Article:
• Remote workers can bring a different perspective to challenges. As remote workers are not involved in those little conversations that happen around the office, remote workers can sometimes offer a fresh and new perspective on problems.

The Employee

  • Greater job satisfaction due to a healthier work-life balance which allows for the lines between the two to bend more naturally around each other. Also due to knowing that your employer has trust in your ability and integrity.
  • Greater productivity due to less external ‘noise’ during a working day – less distractions basically.

The Environment

  • So this one is a no-brainer. Less people travelling to offices means less carbon emissions.

Society at Large

  • Speaking from an Irish perspective, we have a country where the bulk of the population is concentrated on the Eastern seaboard around Dublin. De-population of the rest of the country is a very real problem. This follows for many other countries across Europe. Take the UK for example – London and the southeast is the economic centre for the UK with other regions struggling to maintain population levels. These areas are, in many cases, places of astounding natural beauty and great places to live, yet there are few employment opportunities that would make living in those locations a real option. But what if people who worked for companies in Dublin or London had the option to locate wherever they wanted and started to populate some of rural Ireland and the UK? Taking working from home seriously could help to address one of Ireland’s more challenging social problems, as well as helping to even out the population distribution across the UK.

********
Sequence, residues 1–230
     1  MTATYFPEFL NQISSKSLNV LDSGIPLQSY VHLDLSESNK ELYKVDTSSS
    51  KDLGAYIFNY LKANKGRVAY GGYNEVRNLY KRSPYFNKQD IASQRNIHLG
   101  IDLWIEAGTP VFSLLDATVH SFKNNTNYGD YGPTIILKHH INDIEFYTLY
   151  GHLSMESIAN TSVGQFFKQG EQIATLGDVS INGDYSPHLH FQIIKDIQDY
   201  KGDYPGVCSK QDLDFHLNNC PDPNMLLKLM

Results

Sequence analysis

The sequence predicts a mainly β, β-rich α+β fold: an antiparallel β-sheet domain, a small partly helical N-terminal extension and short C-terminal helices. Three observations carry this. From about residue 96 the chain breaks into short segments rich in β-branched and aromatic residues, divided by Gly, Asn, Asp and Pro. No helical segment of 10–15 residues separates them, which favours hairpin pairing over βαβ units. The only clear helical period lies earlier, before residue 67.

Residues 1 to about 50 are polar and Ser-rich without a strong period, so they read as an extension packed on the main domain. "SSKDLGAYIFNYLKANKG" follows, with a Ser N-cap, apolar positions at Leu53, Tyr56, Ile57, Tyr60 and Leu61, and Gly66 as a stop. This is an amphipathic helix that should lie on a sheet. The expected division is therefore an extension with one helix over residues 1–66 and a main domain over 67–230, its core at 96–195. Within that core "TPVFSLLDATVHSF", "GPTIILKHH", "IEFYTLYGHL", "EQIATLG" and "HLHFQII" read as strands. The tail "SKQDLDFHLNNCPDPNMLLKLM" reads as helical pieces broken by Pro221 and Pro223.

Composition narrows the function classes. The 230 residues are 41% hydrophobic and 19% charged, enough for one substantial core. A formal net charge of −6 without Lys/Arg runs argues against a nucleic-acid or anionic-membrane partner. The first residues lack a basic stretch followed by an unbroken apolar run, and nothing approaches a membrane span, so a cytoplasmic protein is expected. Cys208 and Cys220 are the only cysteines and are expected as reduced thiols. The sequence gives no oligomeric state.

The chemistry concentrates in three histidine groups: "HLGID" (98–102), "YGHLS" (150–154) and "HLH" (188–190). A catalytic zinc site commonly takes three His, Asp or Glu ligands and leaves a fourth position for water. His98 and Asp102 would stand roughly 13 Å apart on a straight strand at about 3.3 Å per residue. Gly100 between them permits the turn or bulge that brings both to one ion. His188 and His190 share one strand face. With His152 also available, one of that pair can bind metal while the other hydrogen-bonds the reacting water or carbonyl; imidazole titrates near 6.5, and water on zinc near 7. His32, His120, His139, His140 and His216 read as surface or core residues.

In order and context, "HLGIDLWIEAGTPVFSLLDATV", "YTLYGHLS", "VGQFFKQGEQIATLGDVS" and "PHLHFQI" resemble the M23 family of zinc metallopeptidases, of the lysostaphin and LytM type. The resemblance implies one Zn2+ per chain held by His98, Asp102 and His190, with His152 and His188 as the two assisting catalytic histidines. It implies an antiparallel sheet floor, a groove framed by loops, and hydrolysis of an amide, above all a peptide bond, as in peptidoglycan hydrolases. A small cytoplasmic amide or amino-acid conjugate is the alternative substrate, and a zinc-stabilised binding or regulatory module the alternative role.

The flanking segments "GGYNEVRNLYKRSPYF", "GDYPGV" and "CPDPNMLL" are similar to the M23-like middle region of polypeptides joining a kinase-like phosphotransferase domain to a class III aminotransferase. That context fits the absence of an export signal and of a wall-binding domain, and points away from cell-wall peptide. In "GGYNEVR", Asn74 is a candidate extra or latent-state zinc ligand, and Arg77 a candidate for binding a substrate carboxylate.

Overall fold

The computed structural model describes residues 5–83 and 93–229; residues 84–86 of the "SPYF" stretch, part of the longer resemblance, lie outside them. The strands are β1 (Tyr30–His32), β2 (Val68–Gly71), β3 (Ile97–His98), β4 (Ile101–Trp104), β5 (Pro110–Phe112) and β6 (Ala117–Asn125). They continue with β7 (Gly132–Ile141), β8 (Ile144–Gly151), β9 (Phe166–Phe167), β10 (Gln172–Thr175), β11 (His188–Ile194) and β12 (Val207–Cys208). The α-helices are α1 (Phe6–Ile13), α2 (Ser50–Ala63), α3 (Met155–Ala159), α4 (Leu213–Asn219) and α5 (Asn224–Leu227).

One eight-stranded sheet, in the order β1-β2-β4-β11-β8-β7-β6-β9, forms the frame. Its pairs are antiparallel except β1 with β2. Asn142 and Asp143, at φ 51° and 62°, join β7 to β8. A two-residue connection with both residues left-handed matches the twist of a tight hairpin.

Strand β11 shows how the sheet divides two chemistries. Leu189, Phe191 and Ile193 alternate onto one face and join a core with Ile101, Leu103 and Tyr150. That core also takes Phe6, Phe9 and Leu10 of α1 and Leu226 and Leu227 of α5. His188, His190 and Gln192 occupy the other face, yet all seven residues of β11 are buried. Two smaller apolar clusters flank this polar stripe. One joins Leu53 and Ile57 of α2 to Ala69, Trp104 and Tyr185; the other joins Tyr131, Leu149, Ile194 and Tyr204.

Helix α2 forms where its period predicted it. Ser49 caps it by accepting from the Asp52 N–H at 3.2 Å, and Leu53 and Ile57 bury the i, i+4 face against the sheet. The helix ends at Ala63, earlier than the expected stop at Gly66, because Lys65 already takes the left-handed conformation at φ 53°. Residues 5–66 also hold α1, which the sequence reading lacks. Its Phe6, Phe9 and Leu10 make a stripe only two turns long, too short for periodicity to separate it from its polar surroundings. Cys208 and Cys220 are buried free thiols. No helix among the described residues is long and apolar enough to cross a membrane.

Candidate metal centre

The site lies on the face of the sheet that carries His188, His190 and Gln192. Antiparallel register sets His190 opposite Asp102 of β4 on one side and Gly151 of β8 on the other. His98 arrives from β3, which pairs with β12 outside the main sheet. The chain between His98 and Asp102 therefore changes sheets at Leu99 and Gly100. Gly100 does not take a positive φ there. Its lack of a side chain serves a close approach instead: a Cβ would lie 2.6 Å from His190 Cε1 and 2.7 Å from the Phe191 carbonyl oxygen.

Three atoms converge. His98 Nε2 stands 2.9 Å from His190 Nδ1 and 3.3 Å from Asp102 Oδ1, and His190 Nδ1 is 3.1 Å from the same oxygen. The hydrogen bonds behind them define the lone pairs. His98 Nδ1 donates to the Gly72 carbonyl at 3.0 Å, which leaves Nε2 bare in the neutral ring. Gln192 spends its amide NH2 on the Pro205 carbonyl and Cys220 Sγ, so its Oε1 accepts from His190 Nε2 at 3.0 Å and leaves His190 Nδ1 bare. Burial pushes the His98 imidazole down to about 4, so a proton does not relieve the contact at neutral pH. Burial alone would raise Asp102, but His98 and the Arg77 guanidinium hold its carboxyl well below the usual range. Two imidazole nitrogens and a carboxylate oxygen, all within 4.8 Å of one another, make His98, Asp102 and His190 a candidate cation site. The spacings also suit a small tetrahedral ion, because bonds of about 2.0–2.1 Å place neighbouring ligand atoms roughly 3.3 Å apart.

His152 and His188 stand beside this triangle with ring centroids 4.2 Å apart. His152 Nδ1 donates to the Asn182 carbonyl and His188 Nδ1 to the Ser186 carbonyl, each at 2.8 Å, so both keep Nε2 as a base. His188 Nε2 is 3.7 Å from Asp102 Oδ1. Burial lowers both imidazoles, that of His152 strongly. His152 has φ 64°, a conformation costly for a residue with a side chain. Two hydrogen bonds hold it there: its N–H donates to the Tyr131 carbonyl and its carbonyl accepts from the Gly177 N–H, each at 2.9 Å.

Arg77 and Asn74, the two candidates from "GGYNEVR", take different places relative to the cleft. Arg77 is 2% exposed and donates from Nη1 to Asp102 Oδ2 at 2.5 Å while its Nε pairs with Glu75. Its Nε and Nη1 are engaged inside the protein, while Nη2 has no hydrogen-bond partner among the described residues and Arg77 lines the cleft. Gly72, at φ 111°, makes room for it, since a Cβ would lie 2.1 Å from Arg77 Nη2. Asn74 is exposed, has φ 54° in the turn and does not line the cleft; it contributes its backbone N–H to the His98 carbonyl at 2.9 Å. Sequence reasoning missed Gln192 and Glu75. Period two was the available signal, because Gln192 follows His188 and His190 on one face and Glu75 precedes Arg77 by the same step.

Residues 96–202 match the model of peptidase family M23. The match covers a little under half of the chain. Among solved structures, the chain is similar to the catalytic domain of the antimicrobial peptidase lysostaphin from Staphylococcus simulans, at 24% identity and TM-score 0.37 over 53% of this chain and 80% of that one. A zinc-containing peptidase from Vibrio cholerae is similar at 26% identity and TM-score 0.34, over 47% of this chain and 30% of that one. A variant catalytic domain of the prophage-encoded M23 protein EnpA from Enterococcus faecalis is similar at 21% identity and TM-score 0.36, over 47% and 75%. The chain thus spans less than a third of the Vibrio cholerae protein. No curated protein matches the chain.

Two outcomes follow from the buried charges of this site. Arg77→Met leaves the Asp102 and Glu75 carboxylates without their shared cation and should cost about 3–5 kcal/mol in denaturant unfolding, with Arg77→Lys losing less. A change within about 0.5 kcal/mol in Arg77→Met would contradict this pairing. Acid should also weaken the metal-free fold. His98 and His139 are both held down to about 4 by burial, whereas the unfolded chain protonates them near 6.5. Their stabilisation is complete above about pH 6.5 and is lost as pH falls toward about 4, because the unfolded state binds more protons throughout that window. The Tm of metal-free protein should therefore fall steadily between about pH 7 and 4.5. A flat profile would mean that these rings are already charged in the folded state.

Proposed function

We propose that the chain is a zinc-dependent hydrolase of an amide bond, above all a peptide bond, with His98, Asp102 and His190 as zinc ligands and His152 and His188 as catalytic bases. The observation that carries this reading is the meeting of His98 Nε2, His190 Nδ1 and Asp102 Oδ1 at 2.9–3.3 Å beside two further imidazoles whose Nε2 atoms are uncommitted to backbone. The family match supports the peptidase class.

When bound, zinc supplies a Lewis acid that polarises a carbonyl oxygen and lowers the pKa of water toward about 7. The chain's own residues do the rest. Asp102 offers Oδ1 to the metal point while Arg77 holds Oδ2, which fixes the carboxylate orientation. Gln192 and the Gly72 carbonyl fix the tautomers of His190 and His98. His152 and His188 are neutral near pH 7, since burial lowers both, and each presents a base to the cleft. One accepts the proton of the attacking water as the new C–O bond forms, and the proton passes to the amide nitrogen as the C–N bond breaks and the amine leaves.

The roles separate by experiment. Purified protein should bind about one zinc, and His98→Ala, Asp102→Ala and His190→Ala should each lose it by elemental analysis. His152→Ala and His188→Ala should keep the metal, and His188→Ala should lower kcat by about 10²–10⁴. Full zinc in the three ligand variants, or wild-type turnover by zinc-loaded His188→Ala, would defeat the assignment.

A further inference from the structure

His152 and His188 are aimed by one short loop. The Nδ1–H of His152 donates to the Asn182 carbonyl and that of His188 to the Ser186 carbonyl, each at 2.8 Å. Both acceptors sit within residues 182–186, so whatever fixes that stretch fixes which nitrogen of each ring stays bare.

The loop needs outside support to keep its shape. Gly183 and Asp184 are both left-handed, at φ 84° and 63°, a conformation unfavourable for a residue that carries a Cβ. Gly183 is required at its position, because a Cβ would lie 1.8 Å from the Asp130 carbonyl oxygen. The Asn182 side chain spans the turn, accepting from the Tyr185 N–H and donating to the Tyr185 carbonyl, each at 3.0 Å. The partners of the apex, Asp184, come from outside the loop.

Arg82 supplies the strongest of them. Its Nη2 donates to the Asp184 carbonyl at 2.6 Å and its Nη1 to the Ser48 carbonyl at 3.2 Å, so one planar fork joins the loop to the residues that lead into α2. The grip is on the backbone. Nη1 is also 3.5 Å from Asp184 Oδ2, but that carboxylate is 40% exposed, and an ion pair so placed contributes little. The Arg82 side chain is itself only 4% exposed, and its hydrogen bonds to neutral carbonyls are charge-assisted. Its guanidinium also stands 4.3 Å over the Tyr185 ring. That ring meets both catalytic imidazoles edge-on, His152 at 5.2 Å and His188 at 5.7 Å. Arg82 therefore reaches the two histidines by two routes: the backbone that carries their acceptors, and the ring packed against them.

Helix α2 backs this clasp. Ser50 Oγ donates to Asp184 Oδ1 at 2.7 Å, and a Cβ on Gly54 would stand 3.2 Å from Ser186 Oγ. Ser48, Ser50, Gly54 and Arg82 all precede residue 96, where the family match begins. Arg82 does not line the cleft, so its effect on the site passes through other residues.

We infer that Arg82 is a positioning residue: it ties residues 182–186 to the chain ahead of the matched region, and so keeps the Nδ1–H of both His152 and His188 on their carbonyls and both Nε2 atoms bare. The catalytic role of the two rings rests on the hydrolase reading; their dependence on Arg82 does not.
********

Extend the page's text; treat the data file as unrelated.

So that is my pitch – my plea is simple, take remote working seriously. No, it is not always possible or advisable but where you have roles where the physical location of the employee does not have a material impact on their ability to deliver – don’t rule it out! The face-to-face interaction that offices provide is something that we cannot reproduce but maybe Pareto’s principle applies and twenty per cent of the face time can deliver eighty per cent of the benefit.

I would love to hear your thoughts! These are just my own opinions – for all my arguments, there is a counter argument – I just think we need to move the conversation forward. Help me to do it!